Thank you The it's been my my privilege to serve as a spiritual care leader at Atrium health and to engage the the experts on this call, as well as many others. As we've approached this COVID has been a learning experience that's ongoing. I think that's been said three different ways. What we as chaplains as spiritual care providers needed to focus on is in particular is how to bring healing rituals, even at times of death, how to be with persons who are well, maybe taking their last breath, being able in their mind's eye to as they transition to a next life to be singing in their mind. Breathe on me breath of God fill me with life a new is just connecting people to the spiritual resources. Each brings with them with the the families that was a test for sure. iPads donated have helped a lot allowing them to members as well as area clergy connect up to the COVID patients necessarily restricted with with visitation, then the other big emphasis that we've been involved with has been the support of teammates burnout, compassion, fatigue, all of that certainly existed well before COVID. But I would just say it exploded. So for example, we had planned on in 2020, to have 15,000 interventions multi disciplined to enhance resilience at the unit levels. In 2020, we ended up with 36,000 plus level one interventions to help teammates Remember to practice self care, so they can bring best cares towards others. COVID fatigue was real, and testing a lot of persons endurance. But I'm so proud of the the team here. Having found ways to not only measure that, cope with that, but find ways to even thrive in the midst of that.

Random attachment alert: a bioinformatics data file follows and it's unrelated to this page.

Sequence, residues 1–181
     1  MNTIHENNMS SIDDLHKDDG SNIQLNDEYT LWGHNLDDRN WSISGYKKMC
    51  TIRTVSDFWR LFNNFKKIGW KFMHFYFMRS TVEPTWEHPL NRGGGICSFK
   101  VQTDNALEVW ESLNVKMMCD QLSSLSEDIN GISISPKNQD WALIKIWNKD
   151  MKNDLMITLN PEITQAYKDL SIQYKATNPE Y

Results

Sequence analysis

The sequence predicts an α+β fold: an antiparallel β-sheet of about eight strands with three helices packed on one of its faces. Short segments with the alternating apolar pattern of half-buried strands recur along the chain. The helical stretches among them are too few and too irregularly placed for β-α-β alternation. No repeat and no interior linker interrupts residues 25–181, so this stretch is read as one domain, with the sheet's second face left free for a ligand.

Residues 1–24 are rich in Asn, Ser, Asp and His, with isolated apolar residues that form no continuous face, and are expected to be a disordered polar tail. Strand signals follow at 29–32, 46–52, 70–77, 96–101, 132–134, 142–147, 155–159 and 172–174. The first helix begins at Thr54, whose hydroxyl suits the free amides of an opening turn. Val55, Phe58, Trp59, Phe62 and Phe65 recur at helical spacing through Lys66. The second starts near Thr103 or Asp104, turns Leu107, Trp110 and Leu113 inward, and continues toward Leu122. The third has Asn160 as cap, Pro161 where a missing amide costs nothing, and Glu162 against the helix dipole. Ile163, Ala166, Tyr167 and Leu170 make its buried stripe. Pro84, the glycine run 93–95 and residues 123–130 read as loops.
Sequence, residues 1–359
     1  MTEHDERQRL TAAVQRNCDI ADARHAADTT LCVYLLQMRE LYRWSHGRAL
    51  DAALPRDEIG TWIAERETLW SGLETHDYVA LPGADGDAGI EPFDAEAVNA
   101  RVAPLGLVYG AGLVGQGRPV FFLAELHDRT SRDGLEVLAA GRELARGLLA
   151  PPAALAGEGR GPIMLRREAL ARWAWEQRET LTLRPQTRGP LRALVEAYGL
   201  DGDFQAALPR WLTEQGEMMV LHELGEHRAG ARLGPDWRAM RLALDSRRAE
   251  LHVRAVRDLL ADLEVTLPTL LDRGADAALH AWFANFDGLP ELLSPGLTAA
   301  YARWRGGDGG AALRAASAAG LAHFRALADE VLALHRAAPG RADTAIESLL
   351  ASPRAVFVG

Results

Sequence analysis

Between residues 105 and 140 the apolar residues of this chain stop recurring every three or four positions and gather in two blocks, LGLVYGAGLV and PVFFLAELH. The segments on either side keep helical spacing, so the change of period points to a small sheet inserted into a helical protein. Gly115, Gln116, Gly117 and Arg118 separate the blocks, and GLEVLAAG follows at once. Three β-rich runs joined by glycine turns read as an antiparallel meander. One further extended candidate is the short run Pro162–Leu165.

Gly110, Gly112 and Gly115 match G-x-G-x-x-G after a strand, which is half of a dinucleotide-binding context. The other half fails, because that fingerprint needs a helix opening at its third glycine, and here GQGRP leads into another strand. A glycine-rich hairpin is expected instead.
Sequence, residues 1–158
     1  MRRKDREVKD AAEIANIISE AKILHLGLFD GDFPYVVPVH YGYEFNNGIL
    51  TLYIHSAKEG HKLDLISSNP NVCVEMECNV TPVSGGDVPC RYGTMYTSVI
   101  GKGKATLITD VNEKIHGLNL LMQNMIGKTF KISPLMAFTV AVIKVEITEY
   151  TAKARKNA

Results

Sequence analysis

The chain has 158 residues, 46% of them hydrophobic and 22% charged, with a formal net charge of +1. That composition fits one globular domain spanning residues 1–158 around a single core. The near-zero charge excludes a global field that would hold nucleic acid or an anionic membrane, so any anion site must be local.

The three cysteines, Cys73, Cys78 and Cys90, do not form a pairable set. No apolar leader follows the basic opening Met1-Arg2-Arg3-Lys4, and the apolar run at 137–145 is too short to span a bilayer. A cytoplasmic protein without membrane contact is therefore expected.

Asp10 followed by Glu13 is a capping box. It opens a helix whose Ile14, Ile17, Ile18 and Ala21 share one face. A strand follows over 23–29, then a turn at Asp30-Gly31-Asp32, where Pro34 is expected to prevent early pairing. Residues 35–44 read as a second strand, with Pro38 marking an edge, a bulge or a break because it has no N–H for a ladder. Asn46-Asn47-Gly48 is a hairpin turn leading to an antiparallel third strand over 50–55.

Jason Huddle  16:16

Stay tuned when we come back, we'll hear about what these doctors think about the new vaccines and where we're headed next. 


Commercial  16:22



Jason Huddle  16:36

This is Jason Huddle with comparis magazine had a question for Dr. Little, doctor, you said that this pandemic exposed inequities in care. Can you elaborate on that a little bit? 


Dr. Gary Little  17:19

Yeah, I think it's it's been pretty widely covered that if you look at the communities most impacted by this pandemic are those communities, communities of color, black, blacks, latinos, represent and stuff most most areas of the country, they represent more actual cases of COVID and in some of those groups, they actually represent a disproportionate number of deaths as well and so what that tells me and tells others is, you know, the the likelihood that they're exposed due to you know, economic or other social factors, living situations, work situations, means that they're getting the disease more often and then, for whatever reason, whether that's the end diagnosed later, or inability to get to care, access to care is resulting in more more deaths in those in some of those communities. And so, I think for, for me that what that highlights is, what we've what we've known all along and other diseases that those same dynamics exists, and they've existed for for decades. And I think what's happening now is more and more health systems, more and more private corporations are seeing this as a call to action. And so, you know, what we've seen from, from our own experiences, is trying to address address those social determinants of health and address health equity head on to really get at the underlying issues that cause these disparities. 


Jason Huddle  18:59

Thank you doctor. 


Caroline Hicks  19:00

Hi, this is Caroline Hicks with WBTV. I'm just curious, looking back a year is it? You know, pretty impressive to think that we now have three vaccines on the market in just a matter of a year? And how is that changing the game for you all in terms of, you know, having to combat this virus? And then, you know, of course, with Johnson and Johnson coming out as well.